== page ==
Stroke victim ‘told to take back-to-work test while still in hospital’

Labour MP Iain Wright said the case was one of the most disgraceful he had heard from constituents on sickness benefits

Rob Merrick
Deputy Political Editor
@Rob_Merrick
Wednesday 21 September 2016 13:11
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The woman’s MP has vowed to write to Work and Pensions Secretary Damian Green (above) to get a ‘full apology to my constituent’
The woman’s MP has vowed to write to Work and Pensions Secretary Damian Green (above) to get a ‘full apology to my constituent’

An MP is demanding an investigation after a stroke victim claimed she was told she must undergo a back-to-work test – while in a hospital stroke unit.

Labour’s Iain Wright said the case was one of the most disgraceful he had heard from constituents on sickness benefits who have been told to undergo a work capability assessment (WCA).

Mr Wright said the woman, who did not wish to be identified, had come to him in great distress, blaming the actions of the private firm Maximus, which carries out the assessments.

He told The Independent: “I found this case both utterly shocking and completely disgusting.

“It demonstrates all too vividly how inhumane and uncivilised the Government's welfare reform policy is.”

World Stroke Day

Mr Wright vowed to write to Work and Pensions Secretary Damian Green to demand to know whether such practice was allowed – and to get a “full apology to my constituent”.

The case is the latest in a very long line of controversies surrounding the WCA, which is undergone by sick and disabled people attempting to claim Employment and Support Allowance (ESA).

French firm Atos lost the contract after protests that it wrongly found sick people able to work, provided a poor service and inflicted huge delays, but Maximus, its replacement, has also been criticised.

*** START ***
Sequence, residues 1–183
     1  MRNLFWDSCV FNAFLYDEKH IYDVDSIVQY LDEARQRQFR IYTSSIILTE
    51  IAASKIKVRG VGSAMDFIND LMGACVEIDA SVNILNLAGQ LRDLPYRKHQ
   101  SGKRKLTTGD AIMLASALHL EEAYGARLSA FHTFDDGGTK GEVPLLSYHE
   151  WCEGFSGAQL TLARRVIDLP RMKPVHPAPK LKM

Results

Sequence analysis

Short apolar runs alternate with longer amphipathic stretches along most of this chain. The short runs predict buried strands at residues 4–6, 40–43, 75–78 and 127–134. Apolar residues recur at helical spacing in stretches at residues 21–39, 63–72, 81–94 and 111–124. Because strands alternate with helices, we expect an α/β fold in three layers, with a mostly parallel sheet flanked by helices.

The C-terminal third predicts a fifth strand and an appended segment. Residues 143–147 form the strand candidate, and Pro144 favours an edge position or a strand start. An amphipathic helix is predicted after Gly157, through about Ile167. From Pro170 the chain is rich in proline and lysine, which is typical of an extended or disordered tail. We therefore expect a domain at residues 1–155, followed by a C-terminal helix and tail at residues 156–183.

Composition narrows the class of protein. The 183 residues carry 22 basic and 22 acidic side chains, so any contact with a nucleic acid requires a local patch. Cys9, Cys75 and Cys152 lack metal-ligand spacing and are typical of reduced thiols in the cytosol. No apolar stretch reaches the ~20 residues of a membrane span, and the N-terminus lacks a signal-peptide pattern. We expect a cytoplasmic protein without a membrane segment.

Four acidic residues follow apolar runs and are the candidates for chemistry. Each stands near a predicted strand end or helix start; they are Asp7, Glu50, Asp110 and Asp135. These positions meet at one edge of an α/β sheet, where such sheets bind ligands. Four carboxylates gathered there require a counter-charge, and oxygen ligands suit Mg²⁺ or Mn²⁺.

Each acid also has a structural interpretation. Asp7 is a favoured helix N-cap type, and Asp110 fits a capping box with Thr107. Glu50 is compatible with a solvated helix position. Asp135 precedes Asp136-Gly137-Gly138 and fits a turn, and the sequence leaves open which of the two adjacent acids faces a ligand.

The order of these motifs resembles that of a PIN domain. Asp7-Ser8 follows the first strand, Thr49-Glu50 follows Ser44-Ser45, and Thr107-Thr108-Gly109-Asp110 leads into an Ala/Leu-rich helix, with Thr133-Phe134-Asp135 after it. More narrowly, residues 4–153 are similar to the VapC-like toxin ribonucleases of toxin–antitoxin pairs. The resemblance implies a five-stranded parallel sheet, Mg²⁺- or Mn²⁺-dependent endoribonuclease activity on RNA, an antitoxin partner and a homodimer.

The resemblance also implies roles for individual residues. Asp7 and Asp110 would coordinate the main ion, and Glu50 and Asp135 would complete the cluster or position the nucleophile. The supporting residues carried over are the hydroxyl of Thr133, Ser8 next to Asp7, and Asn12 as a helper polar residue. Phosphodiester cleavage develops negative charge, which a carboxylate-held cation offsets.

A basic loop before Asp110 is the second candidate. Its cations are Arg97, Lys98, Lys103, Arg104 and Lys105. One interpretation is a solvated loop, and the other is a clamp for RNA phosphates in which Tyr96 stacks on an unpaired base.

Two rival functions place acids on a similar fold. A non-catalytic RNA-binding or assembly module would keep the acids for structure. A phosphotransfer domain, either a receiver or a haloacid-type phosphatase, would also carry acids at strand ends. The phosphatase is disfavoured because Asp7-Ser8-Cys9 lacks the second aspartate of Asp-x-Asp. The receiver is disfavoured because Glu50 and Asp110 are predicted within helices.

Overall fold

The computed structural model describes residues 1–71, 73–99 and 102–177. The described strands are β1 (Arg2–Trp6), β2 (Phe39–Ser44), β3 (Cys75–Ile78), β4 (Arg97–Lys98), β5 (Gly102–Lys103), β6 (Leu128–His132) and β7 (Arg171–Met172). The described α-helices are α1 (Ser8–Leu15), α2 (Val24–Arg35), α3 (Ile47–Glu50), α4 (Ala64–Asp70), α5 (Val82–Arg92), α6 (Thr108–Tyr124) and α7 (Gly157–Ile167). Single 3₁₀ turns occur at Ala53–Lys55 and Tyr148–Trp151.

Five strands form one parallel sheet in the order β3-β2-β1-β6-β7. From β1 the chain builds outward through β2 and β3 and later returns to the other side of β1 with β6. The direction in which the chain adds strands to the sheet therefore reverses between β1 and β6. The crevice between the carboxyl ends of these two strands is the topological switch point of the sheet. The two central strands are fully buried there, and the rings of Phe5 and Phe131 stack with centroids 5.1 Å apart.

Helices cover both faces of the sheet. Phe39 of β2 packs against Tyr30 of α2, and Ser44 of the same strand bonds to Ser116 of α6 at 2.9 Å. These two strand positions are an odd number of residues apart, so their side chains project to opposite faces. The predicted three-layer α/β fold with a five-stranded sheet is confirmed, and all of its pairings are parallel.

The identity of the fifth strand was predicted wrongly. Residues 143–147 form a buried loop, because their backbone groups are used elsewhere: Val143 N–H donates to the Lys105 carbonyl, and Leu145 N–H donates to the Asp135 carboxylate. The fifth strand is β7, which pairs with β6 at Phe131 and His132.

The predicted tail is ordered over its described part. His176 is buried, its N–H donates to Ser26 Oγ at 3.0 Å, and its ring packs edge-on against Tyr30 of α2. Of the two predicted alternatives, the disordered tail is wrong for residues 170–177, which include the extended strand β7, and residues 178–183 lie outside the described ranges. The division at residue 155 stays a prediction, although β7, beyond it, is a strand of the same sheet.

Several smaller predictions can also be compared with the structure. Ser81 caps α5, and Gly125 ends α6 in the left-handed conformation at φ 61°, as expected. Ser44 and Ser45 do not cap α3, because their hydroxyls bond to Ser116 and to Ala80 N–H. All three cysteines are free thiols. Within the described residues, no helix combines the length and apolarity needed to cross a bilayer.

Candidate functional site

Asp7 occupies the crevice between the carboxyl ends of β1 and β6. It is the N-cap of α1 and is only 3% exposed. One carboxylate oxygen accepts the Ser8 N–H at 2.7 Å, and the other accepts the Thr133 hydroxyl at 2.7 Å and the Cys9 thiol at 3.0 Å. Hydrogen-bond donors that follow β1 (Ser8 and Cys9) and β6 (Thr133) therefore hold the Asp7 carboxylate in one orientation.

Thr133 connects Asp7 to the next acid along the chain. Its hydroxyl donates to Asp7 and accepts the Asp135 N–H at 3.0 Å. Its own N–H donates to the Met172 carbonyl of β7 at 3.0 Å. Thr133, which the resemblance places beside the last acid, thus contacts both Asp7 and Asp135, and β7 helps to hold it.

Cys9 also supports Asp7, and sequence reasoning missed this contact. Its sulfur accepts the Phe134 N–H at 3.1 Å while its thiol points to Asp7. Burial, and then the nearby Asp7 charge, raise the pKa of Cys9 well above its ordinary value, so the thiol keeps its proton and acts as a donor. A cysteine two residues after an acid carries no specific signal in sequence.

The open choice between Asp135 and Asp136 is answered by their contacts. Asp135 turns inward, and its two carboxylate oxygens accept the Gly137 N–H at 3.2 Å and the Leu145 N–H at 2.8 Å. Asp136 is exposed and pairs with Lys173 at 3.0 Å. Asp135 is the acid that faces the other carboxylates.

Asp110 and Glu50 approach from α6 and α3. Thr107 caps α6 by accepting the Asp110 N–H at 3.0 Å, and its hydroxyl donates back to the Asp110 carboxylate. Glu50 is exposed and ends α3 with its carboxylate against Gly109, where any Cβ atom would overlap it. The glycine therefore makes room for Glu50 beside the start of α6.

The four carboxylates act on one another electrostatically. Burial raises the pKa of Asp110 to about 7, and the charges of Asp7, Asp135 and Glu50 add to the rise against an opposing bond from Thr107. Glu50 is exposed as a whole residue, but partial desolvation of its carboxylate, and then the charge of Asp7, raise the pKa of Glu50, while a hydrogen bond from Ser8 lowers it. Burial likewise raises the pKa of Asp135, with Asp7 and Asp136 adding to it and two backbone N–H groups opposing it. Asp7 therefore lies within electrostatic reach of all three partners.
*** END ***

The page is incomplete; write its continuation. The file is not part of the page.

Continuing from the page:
Asked about back-to-work tests this week, Mr Green acknowledged “there are individual cases where it looks as though the system is not working”.

It is understood that decisions about whether a patient in hospital is entitled to ESA are normally made using paper-based assessments, rather than by interview.

A Department for Work and Pensions (DWP) spokesman said: “In-patients are treated as having limited capability for work and are therefore entitled to ESA.

“It is extremely rare for a WCA to be carried out in a hospital and this would only occur if not enough evidence was provided to qualify a person for the higher rate of the benefit.”

Maximus said fewer than a dozen assessments were carried out in hospital each year – of around 50,000 carried out each month.

It also said that, in the vast majority of cases involving patients in hospital, it was able to collect enough information to write a report for the DWP without the need for an interview.

Mr Wright said that his constituent did not, in the end, undergo a WCA in the stroke unit, but only because Maximus backed down when her family protested.

The Stroke Association has highlighted how stroke victims believe the tests to be unfair, humiliating and degrading, with the assessors cutting benefits because they failed to properly understand the effects of their condition.

One told the Association: “If you are not going to soil yourself at your desk, then you are fit for work.”

Maximus did not provide a statement to The Independent, but did say fewer than a dozen assessments were carried out in hospital each year – of around 50,000 carried out each month.

It also said that, in the vast majority of cases involving patients in hospital, it was able to collect enough information to write a report for the DWP without the need for an interview.

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